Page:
Use of AIDS test could prolong millions of lives - and save money
A simple test given to HIV/AIDS patients in southern Africa could extend their lives by nearly a year and save health-care costs at the same time, according to a new study by researchers at the medical school and the Palo Alto Veterans Affairs Health Care System.
The technique, known as the CD4 test, would be particularly valuable if it were given to patients early in their disease, before they became ill with an AIDS-related infection, the researchers found. Use of the test could prevent patients from developing these life-threatening complications and save on costly hospitalizations.
'It's a real opportunity,' said senior author Douglas K. Owens, MD, senior investigator at the Palo Alto-VA and a professor of medicine and of health research and policy.
Eran Bendavid, MD, the first author on the paper, said the study could help organizations that provide antiretroviral, or ARV, therapy in Africa, where two-thirds of the world's 33 million HIV patients live. 'We hope public health officials and clinicians understand that the test is a technology worth investing in,' said Bendavid, a postdoctoral scholar in infectious diseases and in health research and policy. The study appeared in the Sept. 22 issue of Archives of Internal Medicine.
In recent years, government and private organizations have responded to the urgent need to step up access to ARVs, providing this life-prolonging treatment to some 3 million HIV/AIDS patients worldwide, most of them in Africa. With drug access now increasing, clinicians need to know how best to manage these patients, including when to start them on treatment and when to change their drug regimen, if necessary, Owens said.
To help address these questions, the study examined the costs and health benefits of managing HIV/AIDS patients in southern Africa with CD4 and one other form of testing, viral load, over their lifetimes.
Today, caregivers in Africa typically monitor patients by observing their symptoms, starting them on drug therapy when they develop an opportunistic infection, such as tuberculosis or pneumonia.
But there are other, more sophisticated methods of tracking the course of a patient's disease. These include the CD4 test, which measures the number of these crucial, disease-fighting cells of the immune system. CD4 cells are targeted by the AIDS virus and, as their numbers decline, patients become more prone to developing life-threatening infections. The CD4 test is quick to administer and may require only a simple finger prick to obtain blood that is then analyzed in a cell sorter, a desktop machine about the size of a personal computer, Bendavid said. Results can be available in as little as 10 minutes.
In the study, the researchers used a mathematical model to analyze the costs and benefits of using different methods to track the patients' disease. The model was based on data from two groups of patients in Capetown, South Africa, though the analysis takes into account the regional differences across southern Africa. The researchers evaluated patients who were followed based on symptoms alone, as well as those who received the CD4 and viral load tests. The scientists then calculated the relative costs of each of these strategies.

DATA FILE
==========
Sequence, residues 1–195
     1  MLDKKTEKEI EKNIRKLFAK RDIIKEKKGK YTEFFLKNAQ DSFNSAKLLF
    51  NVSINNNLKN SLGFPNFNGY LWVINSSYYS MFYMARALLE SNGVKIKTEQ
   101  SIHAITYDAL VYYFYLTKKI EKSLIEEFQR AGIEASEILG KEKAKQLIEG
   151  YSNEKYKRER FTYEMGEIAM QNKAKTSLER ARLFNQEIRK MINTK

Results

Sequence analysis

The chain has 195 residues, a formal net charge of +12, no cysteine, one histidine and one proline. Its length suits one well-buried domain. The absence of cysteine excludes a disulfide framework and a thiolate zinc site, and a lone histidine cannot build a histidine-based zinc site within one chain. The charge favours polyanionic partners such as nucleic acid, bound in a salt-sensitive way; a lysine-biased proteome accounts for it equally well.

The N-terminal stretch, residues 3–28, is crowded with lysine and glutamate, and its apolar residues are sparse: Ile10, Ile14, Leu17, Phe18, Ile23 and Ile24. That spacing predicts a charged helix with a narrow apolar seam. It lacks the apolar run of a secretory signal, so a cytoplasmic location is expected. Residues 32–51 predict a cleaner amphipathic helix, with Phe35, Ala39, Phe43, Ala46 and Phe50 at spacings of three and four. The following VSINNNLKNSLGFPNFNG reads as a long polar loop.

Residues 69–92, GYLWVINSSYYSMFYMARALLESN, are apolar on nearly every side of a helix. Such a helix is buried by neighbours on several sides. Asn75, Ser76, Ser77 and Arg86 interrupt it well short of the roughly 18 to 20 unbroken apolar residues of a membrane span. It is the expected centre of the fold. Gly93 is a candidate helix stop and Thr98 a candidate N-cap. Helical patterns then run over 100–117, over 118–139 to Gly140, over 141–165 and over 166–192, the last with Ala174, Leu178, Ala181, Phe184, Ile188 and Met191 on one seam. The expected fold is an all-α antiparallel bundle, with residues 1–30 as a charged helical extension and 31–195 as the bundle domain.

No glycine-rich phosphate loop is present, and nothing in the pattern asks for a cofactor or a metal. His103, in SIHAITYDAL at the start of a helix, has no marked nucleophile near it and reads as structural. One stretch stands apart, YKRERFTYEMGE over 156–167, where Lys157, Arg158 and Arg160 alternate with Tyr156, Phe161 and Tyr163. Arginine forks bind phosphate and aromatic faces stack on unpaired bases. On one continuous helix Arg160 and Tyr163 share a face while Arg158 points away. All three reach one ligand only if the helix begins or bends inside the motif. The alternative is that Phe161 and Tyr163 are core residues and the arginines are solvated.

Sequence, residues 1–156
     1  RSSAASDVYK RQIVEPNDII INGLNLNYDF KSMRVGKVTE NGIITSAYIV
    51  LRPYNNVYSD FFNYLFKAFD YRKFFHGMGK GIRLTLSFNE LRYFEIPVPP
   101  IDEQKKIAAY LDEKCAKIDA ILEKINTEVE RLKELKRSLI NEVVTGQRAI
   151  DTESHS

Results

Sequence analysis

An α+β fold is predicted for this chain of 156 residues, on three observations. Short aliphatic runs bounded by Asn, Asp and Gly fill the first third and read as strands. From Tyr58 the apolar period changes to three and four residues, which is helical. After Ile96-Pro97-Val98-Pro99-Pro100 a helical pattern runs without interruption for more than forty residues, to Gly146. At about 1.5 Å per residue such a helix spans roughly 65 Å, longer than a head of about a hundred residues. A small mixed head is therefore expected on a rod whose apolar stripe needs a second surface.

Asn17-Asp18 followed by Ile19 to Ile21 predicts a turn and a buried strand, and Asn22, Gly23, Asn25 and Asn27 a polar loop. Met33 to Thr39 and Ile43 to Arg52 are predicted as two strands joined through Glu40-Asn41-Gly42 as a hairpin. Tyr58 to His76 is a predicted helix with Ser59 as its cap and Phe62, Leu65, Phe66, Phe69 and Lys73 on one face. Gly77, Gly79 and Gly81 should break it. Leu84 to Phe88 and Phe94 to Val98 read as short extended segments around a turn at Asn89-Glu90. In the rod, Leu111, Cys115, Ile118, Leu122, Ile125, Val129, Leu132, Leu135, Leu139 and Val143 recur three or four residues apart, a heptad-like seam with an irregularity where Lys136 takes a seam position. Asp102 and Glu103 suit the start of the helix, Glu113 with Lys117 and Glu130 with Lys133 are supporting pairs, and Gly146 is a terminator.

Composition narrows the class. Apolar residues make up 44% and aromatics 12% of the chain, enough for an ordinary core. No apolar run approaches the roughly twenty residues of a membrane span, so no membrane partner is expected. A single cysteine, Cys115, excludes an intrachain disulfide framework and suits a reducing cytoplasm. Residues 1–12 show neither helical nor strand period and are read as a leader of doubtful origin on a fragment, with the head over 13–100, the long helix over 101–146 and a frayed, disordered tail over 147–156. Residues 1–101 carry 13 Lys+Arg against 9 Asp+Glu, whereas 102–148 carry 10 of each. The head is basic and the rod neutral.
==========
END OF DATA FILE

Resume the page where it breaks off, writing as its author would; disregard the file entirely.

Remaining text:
They found that patients who received a CD4 test alone lived 11.8 months longer than those who were monitored on the basis of their symptoms alone. Patients fared best when given the test and then started on therapy early - when their CD4 cells numbered 350, rather than waiting until they fell to 200. Patients in the early treatment group had 18 percent fewer opportunistic infections and were less likely to be hospitalized. The cost savings per patient amounted to $417, compared with those who were monitored on the basis of symptoms alone.
Use of the CD4 test could have sweeping benefits across southern Africa, where between 3 and 5 million people need ARVs, Bendavid said. If the test were applied in a population of a million patients, these individuals would gain a collective 982,000 years of life, an enormous benefit by any standard, the researchers said.
Currently, the test is available on a limited basis in southern Africa. Expanding access to the test would require government and private organizations to invest in the cell sorters, which cost about $30,000, and then train personnel to use them. 'It's time to find ways to reduce those barriers,' Owens said.
The U.S. President's Emergency Program for AIDS Relief is now making CD4 tests available as part of its programs, Bendavid said. The Clinton Foundation, which has negotiated pricing agreements that benefit 1.4 million patients, is also working to expand access to CD4 testing, said Trevor Peter, a foundation official.
Stanford collaborators on the study are David Katzenstein, MD, professor of infectious diseases, and Sean Young, a PhD student in psychology. Other collaborators include Ahmed Bayoumi, MD, at the University of Toronto, and Gillian Sanders, PhD, a former Stanford faculty member now at Duke University. The research was supported by the National Institutes of Health, the Agency for Healthcare Research and Quality and the Department of Veterans Affairs.
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